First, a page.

Lezlee Whiting, Deseret Morning News
Oranna Felter and Calvin Hackford are among 500 plaintiffs seeking reinstatement in the Northern Ute Indian Tribe.

ROOSEVELT — A federal judge in Washington, D.C., is scheduled to rule shortly on a federal lawsuit filed last spring by former members of the Northern Ute Indian Tribe who say their "divorce" from the tribe should be reversed.

Some 500 disenfranchised Uinta Utes are seeking reinstatement of their legal designation as members of the eastern Utah tribe.

The issue dates back to the Ute Partition Act of 1954. In theory, all Native Americans in the country were eventually supposed to be terminated, or no longer be wards of the federal government, in a quest to make them blend into America's melting pot.

The termination of all Indian tribes was to be complete by 1961, but the federal plan stalled, and in 1971 President Richard Nixon completely withdrew the termination act.

The 490 Utes, the first — and, as it turned out, the only — group to be terminated from membership in the Ute Tribe, were targeted for termination based on their blood quantum, which had to be at least 50 percent Ute Indian.

Those who failed the blood test were stripped of their identity along with additional land and mineral rights that rightfully belonged to them, said Whiterocks resident Calvin Hackford, who is an original terminated Uinta band member.

Under the Ute Partition Act, which was referred to as a "bill of divorcement," the 490 Uinta Utes were to be given a portion of the assets held by the Ute Tribe. Those assets included grazing rights and income from non-distributable assets such as oil, gas and minerals.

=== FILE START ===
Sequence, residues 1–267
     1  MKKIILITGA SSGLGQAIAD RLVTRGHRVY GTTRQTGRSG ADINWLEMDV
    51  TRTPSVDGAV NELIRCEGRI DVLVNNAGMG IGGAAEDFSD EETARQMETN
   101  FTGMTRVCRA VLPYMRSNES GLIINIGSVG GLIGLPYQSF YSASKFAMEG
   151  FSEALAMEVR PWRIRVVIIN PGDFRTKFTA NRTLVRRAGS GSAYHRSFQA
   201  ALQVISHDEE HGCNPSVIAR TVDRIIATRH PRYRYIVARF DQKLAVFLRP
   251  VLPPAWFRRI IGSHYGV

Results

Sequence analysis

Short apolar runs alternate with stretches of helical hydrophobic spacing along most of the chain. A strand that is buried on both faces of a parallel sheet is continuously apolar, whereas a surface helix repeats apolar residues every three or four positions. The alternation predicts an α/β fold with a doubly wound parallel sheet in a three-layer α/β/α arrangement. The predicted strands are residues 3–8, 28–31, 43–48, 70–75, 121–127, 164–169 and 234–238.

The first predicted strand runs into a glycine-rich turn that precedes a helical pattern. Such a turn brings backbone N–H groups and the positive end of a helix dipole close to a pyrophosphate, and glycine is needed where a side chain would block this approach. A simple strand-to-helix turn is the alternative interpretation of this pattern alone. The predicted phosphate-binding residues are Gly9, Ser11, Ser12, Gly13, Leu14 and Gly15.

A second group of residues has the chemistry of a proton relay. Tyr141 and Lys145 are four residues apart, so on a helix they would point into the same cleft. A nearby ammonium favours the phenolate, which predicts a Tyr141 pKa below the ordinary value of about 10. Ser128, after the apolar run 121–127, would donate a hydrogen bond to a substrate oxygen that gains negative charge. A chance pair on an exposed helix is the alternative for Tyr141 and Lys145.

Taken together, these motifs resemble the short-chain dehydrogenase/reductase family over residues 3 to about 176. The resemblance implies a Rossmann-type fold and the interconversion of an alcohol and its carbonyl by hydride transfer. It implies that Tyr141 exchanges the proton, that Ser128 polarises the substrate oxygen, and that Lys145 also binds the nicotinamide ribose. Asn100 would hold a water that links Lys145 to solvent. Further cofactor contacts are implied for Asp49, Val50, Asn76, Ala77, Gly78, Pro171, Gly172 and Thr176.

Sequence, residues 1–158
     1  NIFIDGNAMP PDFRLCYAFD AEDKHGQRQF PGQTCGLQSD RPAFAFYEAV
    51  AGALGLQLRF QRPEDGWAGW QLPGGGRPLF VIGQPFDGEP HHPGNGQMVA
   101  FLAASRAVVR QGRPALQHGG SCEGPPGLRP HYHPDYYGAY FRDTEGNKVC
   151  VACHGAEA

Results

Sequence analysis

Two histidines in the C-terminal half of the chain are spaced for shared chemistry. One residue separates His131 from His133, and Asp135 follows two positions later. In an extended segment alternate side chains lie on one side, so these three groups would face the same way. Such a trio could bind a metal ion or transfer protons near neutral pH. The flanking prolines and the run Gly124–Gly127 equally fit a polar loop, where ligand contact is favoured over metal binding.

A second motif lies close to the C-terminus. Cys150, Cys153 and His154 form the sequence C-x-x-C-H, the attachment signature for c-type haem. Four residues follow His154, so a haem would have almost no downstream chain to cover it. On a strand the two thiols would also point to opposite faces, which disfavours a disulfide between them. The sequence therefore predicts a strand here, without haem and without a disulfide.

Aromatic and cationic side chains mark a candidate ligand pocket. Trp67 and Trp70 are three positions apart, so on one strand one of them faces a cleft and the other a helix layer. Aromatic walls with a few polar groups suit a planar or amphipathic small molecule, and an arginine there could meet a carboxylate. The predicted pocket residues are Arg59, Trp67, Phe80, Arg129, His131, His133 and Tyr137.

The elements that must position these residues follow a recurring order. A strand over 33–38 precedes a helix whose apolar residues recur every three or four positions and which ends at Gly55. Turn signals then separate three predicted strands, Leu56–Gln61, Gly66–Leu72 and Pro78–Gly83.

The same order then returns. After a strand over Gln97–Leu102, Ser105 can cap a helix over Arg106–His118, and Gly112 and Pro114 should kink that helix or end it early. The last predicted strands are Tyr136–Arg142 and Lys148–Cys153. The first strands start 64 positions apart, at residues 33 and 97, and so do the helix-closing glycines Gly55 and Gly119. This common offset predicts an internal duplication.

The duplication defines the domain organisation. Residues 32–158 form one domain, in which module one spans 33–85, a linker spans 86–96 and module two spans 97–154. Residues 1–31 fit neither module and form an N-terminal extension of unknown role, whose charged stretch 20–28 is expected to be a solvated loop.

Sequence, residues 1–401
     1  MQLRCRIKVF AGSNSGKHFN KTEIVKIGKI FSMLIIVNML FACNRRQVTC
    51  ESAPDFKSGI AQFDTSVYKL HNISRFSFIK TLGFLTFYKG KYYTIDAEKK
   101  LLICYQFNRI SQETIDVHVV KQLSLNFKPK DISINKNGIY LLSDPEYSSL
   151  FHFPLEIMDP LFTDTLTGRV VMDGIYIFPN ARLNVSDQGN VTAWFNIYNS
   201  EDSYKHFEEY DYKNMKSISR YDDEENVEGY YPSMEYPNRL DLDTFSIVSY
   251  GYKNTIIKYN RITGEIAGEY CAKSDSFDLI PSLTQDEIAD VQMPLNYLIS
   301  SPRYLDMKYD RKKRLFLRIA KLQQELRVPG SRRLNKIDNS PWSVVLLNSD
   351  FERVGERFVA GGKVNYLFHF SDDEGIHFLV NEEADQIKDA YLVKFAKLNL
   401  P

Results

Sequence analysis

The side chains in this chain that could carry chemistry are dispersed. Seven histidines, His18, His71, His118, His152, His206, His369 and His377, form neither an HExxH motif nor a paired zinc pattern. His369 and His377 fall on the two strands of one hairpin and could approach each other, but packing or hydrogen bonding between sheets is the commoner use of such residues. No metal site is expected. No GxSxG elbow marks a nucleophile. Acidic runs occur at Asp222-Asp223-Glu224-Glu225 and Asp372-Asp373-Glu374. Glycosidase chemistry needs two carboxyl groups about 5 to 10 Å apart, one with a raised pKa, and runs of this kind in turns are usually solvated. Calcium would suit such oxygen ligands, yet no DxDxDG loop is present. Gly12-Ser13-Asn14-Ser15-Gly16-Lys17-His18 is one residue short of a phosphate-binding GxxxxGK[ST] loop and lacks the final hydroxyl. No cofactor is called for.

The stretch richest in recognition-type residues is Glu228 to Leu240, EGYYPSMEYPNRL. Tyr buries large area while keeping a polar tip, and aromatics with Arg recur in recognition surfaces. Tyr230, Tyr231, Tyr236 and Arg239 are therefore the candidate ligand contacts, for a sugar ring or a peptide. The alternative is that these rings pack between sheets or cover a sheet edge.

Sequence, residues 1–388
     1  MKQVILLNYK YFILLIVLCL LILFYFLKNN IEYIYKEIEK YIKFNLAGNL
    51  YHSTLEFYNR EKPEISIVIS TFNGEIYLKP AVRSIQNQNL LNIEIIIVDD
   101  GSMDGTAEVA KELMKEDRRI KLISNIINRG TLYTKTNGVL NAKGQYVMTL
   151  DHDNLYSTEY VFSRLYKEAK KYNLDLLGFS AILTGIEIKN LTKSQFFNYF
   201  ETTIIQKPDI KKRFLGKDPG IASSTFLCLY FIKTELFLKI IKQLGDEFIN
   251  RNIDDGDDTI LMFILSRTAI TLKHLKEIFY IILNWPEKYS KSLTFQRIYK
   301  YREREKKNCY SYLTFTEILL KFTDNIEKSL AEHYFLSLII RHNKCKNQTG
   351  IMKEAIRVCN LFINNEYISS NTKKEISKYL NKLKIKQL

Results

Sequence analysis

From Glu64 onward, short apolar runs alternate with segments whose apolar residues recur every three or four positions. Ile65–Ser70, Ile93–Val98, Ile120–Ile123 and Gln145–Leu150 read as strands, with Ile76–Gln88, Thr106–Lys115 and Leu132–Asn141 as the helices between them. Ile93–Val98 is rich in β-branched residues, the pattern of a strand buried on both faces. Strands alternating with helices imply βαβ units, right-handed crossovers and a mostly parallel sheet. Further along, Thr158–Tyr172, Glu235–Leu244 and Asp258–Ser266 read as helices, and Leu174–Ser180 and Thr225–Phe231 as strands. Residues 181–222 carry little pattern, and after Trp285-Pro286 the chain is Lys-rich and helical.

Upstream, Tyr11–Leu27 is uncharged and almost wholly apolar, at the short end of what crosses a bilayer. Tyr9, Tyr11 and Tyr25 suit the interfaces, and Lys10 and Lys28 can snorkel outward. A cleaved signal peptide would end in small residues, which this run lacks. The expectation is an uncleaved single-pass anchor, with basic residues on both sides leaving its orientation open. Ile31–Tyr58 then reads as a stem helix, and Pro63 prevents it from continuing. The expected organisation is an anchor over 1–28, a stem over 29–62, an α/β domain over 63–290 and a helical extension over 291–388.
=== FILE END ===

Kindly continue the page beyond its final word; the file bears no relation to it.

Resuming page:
Of the 490 terminated Uinta Utes, 260 were children. If any of the mixed-blood Uintas had fully understood the enormous ramifications of the agreement, they never would have signed their names to the bill of divorcement 50 years ago, said Oranna Felter, a Roosevelt resident who was just 11 at the time her life changed forever.

Sacramento-based Indian law attorney Dennis Chappabitty said the "termination in and of itself was not voluntary at all; it was full of defects, it was full of smoke and mirrors. It was a railroad job, and they (the federal government) hold it out as being voluntary."

Chappabitty, who is Apache and Comanche, was hired by the approximately 500 plaintiffs — some among the 490 originally terminated, some descendants — who each have their individual contract with him.

In addition to having their status as members of a federally recognized Indian tribe reinstated, the terminated Uintas are seeking payment from the federal government of $3 million each.

"The books show that act was executed in a corrupt manner in a way that defrauded the Uintas out of their land and minerals," he said. According to Chappabitty, the terminated Utes were preyed upon by unscrupulous government and private interests offering quick cash for their assets. The mixed-blood Indians were either misled about or didn't fully understand the value of the assets they had been given, he said.